Regal Glory can extend streak in Fourstardave Handicap

Regal Glory can extend streak in Fourstardave Handicap
Photo: Sue Kawczynski/Eclipse Sportswire

One of the more quiet win streaks in horse racing comes from the 6-year-old mare Regal Glory, who has won four in a row heading into a start against males in the Grade 1, $500,000 Fourstardave Handicap at Saratoga on Saturday. There is reason to believe she can keep the streak alive.

In most cases, a hot mare becomes popular with bettors and racing fans. She has been popular in terms of betting, but perhaps there is some kind of flaw that has kept her winning streak under the radar overall.

The most glaring weak point in Regal Glory’s four-race win streak is the weak competition she won against in the first two of those wins.

For example, in the Matriarch Stakes (G1) at Del Mar last December, Regal Glory won by 2 1/2 lengths over Zofelle in second, with another length back to Princess Grace in third and Regal Glory’s stablemate Viadera in fourth.

Zofelle and Princess Grace were not true Grade 1 runners. Viadera had won the 2020 running of the Matriarch, but she entered last year’s edition in declining form off a sixth-place finish in the First Lady Stakes (G1) at Keeneland. After failing to defend the Matriarch, Viadera retired.

Then in January, Regal Glory won the Pegasus World Cup Filly and Mare Invitational (G3) over another weak group with Alms in second and Shifty She in third. Considering the Grade 3 label, the soft competition was expected.

After the Matriarch and Pegasus World Cup Filly and Mare though, the competition in Regal Glory’s streak did start to look better on paper.

Over two months later in April, Regal Glory came back to win the Jenny Wiley Stakes (G1) at Keeneland by one length over her Chad Brown-trained stablemate Shantisara, who had won the Queen Elizabeth II Challenge Cup Stakes (G1) last October. The rest of the field was not great, but this time Regal Glory beat a legitimate filly in Shantisara, who had nearly seven lengths on the third-place Lady Speightspeare.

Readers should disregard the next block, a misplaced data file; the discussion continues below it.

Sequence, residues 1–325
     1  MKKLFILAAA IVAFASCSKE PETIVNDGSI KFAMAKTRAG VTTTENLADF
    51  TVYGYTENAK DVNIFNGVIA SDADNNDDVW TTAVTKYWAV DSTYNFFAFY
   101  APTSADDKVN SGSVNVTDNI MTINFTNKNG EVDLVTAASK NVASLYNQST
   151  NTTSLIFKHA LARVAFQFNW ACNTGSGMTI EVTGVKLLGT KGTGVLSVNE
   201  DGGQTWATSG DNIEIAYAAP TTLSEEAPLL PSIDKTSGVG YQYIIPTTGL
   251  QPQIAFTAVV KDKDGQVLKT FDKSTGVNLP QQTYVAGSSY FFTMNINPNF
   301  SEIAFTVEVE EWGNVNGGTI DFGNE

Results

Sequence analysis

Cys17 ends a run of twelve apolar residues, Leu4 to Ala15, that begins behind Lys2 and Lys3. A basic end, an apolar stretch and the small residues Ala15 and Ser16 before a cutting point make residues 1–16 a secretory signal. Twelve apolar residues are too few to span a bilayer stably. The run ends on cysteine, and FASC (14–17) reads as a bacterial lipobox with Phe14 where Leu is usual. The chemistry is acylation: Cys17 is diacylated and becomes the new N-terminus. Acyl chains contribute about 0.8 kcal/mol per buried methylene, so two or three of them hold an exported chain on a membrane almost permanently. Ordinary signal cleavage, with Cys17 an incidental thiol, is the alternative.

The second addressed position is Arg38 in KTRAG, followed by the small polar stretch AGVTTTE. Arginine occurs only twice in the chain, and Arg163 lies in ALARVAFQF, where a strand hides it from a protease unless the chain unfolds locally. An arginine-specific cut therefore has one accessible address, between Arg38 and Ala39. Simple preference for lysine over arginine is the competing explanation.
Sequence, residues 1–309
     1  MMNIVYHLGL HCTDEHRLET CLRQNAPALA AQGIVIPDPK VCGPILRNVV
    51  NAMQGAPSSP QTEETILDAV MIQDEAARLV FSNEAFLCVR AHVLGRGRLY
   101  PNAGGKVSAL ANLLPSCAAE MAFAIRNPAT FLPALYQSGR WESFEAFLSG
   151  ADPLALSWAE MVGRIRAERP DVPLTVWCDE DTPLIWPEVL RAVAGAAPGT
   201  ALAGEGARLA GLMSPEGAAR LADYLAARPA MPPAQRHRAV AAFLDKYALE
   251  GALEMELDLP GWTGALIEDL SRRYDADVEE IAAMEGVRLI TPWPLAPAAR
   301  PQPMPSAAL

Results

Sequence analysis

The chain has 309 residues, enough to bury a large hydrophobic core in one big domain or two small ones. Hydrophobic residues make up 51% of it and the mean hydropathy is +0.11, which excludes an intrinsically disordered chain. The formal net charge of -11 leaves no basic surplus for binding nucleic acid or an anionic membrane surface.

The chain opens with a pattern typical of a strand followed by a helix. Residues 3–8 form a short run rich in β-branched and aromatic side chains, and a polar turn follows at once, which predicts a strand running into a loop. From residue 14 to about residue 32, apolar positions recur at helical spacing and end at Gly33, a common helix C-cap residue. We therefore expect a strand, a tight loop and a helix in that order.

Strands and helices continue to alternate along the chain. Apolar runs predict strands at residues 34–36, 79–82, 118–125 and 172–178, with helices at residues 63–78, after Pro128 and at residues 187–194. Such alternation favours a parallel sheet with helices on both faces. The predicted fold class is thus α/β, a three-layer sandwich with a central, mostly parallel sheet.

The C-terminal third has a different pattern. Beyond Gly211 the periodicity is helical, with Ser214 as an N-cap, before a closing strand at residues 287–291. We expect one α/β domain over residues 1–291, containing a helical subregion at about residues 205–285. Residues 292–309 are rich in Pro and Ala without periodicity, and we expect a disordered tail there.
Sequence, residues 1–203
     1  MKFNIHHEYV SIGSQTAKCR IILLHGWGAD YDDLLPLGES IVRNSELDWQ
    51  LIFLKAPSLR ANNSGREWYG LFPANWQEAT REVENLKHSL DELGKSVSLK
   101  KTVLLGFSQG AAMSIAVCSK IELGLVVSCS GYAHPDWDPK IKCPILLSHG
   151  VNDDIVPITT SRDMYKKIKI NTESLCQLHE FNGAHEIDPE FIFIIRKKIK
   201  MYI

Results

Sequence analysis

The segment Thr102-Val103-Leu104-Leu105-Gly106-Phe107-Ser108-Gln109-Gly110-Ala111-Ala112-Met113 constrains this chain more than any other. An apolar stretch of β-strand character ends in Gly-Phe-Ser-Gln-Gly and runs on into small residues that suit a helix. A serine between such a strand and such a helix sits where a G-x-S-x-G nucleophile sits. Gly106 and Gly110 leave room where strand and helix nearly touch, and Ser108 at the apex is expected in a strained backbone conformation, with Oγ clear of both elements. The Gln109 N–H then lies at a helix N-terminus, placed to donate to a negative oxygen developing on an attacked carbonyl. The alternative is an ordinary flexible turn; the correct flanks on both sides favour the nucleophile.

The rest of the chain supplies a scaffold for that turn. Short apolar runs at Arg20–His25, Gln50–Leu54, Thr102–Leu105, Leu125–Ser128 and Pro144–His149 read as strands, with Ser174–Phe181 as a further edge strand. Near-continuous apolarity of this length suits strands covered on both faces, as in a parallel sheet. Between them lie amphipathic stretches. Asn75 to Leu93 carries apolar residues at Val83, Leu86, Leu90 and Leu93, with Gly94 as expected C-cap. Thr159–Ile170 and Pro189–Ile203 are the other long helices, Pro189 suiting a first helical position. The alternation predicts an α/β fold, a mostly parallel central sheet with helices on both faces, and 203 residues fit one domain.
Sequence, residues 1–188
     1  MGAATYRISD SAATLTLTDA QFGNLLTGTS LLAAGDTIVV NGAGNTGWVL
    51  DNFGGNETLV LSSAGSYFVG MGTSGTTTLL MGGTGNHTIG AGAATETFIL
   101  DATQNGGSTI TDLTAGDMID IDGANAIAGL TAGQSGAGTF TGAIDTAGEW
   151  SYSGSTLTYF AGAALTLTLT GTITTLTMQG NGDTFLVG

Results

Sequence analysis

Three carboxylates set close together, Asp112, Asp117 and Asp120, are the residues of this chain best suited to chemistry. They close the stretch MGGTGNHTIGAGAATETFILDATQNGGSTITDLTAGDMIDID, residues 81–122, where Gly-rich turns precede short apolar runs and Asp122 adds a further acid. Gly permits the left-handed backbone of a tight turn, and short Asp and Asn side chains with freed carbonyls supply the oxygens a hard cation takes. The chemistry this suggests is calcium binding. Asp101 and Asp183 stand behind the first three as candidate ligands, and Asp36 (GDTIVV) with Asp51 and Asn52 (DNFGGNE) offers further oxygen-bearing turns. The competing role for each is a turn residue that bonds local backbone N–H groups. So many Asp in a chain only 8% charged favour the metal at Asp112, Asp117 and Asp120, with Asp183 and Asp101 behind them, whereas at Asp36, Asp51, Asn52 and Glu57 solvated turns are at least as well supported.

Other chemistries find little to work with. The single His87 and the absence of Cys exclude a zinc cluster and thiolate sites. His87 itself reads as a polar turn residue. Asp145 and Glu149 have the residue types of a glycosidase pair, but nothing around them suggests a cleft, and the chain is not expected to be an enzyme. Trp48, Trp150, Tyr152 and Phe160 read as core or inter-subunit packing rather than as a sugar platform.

Two months later in June, Regal Glory won the Just a Game Stakes (G1) by an impressive 3 1/2 lengths over Wakanaka in second. The third-place In Italian, who is also Regal Glory’s stablemate, had chased the pacesetter Leggs Galore through blazing fractions to set up the race.

Regardless of the pace setup, Regal Glory finished the one mile in a fast 1:32 flat.

In Italian took the local Diana Stakes (G1) in gate-to-wire fashion in her next start to back up the quality of the Just a Game Stakes (G1).

This week, Regal Glory likely faces males in the Fourstardave Handicap. She certainly belongs with males if she runs. In Europe, good fillies and mares often compete in open Grade 1 races. In North America, the practice is more accepted in turf racing than on dirt, but it still generates discussion when it happens on turf.

Notice the margins of Regal Glory’s wins. Regal Glory's Matriarch and Pegasus World Cup Filly and Mare Turf margins were both 2 1/2 lengths, and the more recent win in the Just a Game was 3 1/2 lengths. Even in the Just a Game when she won by one length, that was a clear margin. On turf, two or three lengths can be seen as a dominating margin.

Also, note the weak probables list for the Fourstardave. According to the HRN Stakes Tracker, she might face Front Run the Fed, Casa Creed, City Man, Get Smokin and Masen. None of those runners seem like turf monsters.

On paper, the Fourstardave looks like a great spot to give Regal Glory a new test. Regal Glory’s streak has been a bit underappreciated to this point. But if she defeats males, she will earn hype to her name – especially if the connections point the mare toward the Breeders’ Cup Mile.


Meet Reinier Macatangay

My first time at the racetrack came as a 5-year-old kid at Santa Anita Park. For most of my younger life, that was the only track I attended other the occasional visit to Hollywood Park. 

Years later, after graduating California State University, Stanislaus with an English MA, I began writing for Lady and the Track. From late 2014-2016, my articles were seen on a weekly basis and covered handicapping, interviews with well-known racing personalities, fashion and more. 

The handicapping style I use concentrates on pace analysis. Some horses are compromised by the pace. Others are helped. Handicappers just starting out cannot easily see how pace affects the finish, so with this blog, I hope to help those unsure of how to apply pace into their handicapping and post-race analysis. 

On an unrelated note, I enjoy video games and attending anime or comic-book conventions. I am currently based in Kentucky, but spend a lot of time traveling between there and California.

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